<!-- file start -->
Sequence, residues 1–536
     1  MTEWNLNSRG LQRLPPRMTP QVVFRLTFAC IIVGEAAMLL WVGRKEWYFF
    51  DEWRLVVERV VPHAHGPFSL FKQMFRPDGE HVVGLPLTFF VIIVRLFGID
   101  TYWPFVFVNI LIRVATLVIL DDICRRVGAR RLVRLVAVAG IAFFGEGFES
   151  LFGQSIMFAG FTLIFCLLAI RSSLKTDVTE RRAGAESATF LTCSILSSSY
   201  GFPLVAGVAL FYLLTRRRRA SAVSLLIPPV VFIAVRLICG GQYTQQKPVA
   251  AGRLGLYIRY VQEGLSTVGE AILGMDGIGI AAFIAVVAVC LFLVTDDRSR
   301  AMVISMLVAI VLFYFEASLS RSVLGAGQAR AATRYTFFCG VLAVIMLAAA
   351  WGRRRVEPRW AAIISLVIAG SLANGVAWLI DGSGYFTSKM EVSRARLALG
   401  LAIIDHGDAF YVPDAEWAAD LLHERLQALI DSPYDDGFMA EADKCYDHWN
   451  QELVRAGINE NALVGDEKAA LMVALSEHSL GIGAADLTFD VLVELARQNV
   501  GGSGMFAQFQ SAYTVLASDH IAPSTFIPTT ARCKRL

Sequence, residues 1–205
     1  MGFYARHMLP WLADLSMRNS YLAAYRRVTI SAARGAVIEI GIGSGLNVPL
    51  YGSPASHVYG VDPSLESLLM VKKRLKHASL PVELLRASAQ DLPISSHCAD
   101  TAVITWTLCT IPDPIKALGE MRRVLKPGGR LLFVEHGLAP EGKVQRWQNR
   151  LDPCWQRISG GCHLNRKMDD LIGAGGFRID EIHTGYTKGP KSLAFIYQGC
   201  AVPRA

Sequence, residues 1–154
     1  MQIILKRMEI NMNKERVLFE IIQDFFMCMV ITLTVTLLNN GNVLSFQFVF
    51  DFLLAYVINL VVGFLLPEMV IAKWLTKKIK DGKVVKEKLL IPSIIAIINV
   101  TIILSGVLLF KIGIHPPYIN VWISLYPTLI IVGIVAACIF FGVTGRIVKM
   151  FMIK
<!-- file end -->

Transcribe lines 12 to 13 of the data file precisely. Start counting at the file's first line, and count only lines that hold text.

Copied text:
   501  GGSGMFAQFQ SAYTVLASDH IAPSTFIPTT ARCKRL

Sequence, residues 1–205